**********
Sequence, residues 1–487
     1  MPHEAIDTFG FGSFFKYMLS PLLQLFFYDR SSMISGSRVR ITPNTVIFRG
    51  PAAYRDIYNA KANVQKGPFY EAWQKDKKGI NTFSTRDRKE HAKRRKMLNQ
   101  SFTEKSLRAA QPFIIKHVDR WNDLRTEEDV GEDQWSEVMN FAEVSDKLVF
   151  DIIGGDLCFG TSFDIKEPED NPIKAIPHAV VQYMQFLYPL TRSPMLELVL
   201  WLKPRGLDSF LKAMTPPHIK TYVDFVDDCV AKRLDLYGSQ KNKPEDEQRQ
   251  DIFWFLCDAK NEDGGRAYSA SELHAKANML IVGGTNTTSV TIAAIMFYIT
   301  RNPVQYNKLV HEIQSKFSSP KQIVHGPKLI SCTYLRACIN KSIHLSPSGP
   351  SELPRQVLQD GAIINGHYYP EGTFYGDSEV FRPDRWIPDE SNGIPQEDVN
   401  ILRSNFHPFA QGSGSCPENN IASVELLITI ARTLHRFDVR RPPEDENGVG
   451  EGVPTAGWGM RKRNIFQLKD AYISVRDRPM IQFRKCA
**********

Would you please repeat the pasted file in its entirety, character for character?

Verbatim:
Sequence, residues 1–487
     1  MPHEAIDTFG FGSFFKYMLS PLLQLFFYDR SSMISGSRVR ITPNTVIFRG
    51  PAAYRDIYNA KANVQKGPFY EAWQKDKKGI NTFSTRDRKE HAKRRKMLNQ
   101  SFTEKSLRAA QPFIIKHVDR WNDLRTEEDV GEDQWSEVMN FAEVSDKLVF
   151  DIIGGDLCFG TSFDIKEPED NPIKAIPHAV VQYMQFLYPL TRSPMLELVL
   201  WLKPRGLDSF LKAMTPPHIK TYVDFVDDCV AKRLDLYGSQ KNKPEDEQRQ
   251  DIFWFLCDAK NEDGGRAYSA SELHAKANML IVGGTNTTSV TIAAIMFYIT
   301  RNPVQYNKLV HEIQSKFSSP KQIVHGPKLI SCTYLRACIN KSIHLSPSGP
   351  SELPRQVLQD GAIINGHYYP EGTFYGDSEV FRPDRWIPDE SNGIPQEDVN
   401  ILRSNFHPFA QGSGSCPENN IASVELLITI ARTLHRFDVR RPPEDENGVG
   451  EGVPTAGWGM RKRNIFQLKD AYISVRDRPM IQFRKCA